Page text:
We have to work to see the upside

Luke: Is the Dark Side stronger?

Yoda: No. Quicker. Easier. More seductive.

From The Empire Strikes Back

It’s easy to think how bad things are. Way too easy. Meanwhile, when all is dark with depression, seeing anything in a positive light seems impossible, right? As soon as those negative thoughts hit, with the accompanying chemical response in our brains, it’s so hard to shift them.

I know. 36 years with depression makes me know this only too well.

It takes a huge effort to find something good.

But that’s what’s needed: effort. I’m making the effort. How about you? It’s not easy – at all. But what’s our alternative? Keep thinking that everything sucks?

If this isn’t a lightbulb for you and your depression, it should be. We have to push back. We know deep down that combating depression requires us to, among other things, tackle the continuous cycle of negative thoughts that are very, VERY hard to shift.

I’m not talking about us just thinking positively and everything will be sunshine and rainbows. We know it’s not that simple.

But maybe there’s something in it. Otherwise, the negativity will win. If we let it.

“Our view of the world tends to tilt toward the negative.”

As psychology professor Alison Ledgerwood explains in the TED talk video below, negative impressions stick in our minds. This applies to all people, not just those of us with depression.

We need to retrain ourselves to consciously focus on positive things, otherwise the negativity will take precedence. “Quicker. Easier. More seductive.”

“It’s pretty easy to go from good to bad, but far harder to shift from bad to good. We literally have to work harder to see the upside of things. Once we think about something as a loss, that way of thinking about it tends to stick in our heads and to resist our attempts to change it.”

Talking things over

How many depression sufferers do you know who think of counselling/therapy sessions as just “talk therapy”? Maybe you think that way. This is a negative view. And it makes you believe that talking with an expert won’t help. You’re screwed before you even get started.

Talking helpful things over

We’ve been told that talking about the bad things in our lives will help us. Well, if that’s all we do, it won’t help us. Complaining isn’t enough. We know bellyaching won’t change anything. This kind of talking only reinforces the negatives.

We have to learn to reframe the negative things.

If all we talk about are sucky things, we won’t get rid of them. Or, more accurately, we won’t balance them. Perhaps balance should be our goal.

To do this, we have to talk about things that are good. Things that went well. Small victories, no matter how small. We have to talk about things we are thankful for.

And… we have to discuss positive ideas for moving forward.

Simple things to do to increase positivity

No doubt you’ve heard these things before. If you think negatively about them (roll your eyes and think “Oh, not this bullshit again!”), the information above reminds you that effort is needed to shift that thinking.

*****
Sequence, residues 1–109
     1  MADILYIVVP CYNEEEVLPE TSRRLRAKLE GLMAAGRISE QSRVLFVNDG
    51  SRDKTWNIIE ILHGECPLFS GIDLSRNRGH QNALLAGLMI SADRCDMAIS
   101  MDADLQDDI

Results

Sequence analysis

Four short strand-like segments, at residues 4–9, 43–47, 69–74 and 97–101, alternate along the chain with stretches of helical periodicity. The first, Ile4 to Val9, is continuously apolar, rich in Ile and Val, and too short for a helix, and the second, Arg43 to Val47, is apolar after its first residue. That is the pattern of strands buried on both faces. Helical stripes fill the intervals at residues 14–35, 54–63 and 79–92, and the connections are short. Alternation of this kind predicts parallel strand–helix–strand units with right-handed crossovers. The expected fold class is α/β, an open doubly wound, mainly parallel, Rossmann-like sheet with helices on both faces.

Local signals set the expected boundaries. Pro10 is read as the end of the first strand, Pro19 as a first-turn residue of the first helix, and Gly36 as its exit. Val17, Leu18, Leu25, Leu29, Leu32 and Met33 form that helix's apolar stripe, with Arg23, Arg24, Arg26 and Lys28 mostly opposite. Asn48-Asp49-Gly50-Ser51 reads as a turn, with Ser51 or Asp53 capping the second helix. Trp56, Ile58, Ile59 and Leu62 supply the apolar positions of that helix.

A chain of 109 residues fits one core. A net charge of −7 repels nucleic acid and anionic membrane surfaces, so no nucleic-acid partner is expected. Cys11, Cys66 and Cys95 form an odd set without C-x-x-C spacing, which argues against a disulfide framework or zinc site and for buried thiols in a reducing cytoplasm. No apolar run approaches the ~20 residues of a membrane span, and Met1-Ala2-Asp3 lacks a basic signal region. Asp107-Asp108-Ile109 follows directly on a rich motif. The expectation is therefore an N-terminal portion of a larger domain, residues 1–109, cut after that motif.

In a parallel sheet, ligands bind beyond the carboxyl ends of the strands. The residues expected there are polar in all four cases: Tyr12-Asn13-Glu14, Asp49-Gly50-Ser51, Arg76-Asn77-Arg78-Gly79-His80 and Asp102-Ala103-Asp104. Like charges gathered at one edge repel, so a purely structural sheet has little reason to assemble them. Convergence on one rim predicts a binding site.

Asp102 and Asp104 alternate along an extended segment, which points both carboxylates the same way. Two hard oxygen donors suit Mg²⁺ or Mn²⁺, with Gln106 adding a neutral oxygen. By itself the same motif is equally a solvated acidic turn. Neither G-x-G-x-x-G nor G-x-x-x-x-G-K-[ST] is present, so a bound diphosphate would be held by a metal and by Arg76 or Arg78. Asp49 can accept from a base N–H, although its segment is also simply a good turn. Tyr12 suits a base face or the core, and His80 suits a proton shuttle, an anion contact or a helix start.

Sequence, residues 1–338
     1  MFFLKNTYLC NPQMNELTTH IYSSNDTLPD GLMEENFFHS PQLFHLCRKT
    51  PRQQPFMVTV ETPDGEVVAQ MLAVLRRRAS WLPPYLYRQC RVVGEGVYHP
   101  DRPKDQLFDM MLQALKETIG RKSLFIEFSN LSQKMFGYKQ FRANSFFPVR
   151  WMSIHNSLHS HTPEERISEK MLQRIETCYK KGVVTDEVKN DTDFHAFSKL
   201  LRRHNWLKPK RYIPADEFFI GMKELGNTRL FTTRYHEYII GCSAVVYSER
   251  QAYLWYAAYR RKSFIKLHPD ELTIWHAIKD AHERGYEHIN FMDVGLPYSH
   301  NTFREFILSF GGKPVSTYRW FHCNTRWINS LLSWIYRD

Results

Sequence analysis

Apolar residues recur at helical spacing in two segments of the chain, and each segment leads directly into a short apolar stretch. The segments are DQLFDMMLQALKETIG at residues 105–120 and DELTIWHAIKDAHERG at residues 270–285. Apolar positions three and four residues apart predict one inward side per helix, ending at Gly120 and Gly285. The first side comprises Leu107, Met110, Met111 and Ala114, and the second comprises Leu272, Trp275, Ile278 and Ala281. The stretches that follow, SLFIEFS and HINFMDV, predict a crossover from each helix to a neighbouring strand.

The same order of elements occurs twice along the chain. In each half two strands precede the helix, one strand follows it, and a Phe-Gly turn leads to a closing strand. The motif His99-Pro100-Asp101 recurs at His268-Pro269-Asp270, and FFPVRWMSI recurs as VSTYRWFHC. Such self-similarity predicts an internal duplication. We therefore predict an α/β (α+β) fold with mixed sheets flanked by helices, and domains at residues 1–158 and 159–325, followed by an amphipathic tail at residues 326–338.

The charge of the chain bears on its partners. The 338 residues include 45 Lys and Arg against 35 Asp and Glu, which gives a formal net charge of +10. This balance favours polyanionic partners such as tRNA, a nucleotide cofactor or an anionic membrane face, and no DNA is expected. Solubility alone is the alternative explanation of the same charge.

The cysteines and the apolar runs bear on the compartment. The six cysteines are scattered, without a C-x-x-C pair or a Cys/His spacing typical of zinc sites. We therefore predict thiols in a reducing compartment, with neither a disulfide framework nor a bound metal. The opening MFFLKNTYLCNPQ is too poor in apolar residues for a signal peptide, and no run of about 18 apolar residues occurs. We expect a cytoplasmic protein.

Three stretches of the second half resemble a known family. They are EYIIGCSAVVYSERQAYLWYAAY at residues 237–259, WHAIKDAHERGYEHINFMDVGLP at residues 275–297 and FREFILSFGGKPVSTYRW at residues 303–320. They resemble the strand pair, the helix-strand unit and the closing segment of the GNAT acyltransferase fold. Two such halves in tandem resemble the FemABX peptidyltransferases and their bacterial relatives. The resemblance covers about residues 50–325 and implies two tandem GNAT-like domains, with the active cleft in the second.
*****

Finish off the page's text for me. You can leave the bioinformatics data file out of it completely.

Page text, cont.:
• Keep getting counselling. Ask for tools and triggers to help you find positive things.
  • If you are prescribed meds, take them. A little rebalancing of your brain’s chemicals can lay the groundwork for changing your thinking.
  • Become aware of your negative thinking/talking. Have somebody point it out, if necessary – somebody you can take it from. Don’t chastise yourself for negativity. That’s a negative approach itself. Instead see it as an opportunity to change and grow.
  • Gratitude journal. Gratitude is one of the most powerful forces in the universe. Every day, write down three things you are grateful for. Even tiny things. Write them on paper or download a free gratitude journal app. After a few weeks, you can see an enormous list. (Hint: try being grateful for the opportunity to change.)
  • Meditate. Learn to quiet your mind, if only for a few minutes a day. There are great free guided meditations on Insight Timer. In the quiet, you can hear your true self and just be.
  • Exercise. It doesn’t have to be major. Just move. Get your heart rate up for 20-30 minutes and get your muscles moving. Science says it’s vital because depression wants you to be sedentary and to wallow in negativity. Afterwards, tell yourself, “I did it!” instead of thinking, “That was hard!” or “That sucked!”
  • Mantras. Repeat over and over that you are good and worthy. That you are open to receive goodness and abundance. That you are loved. That you are open to growth and change. Don’t let the negative thoughts dominate your day.
  • Forgive. Perhaps the hardest of them all, at least for me. But forgiveness represents the Holy Grail of depression. Being able to release the power that negativity and past traumas have over you means being able to release depression’s stranglehold.

Just do these things. And other good things. Even if you don’t believe they will help, make an effort. Every day. We have to work to see the upside.

Otherwise the negative thoughts win. I, for one, am determined to do better.





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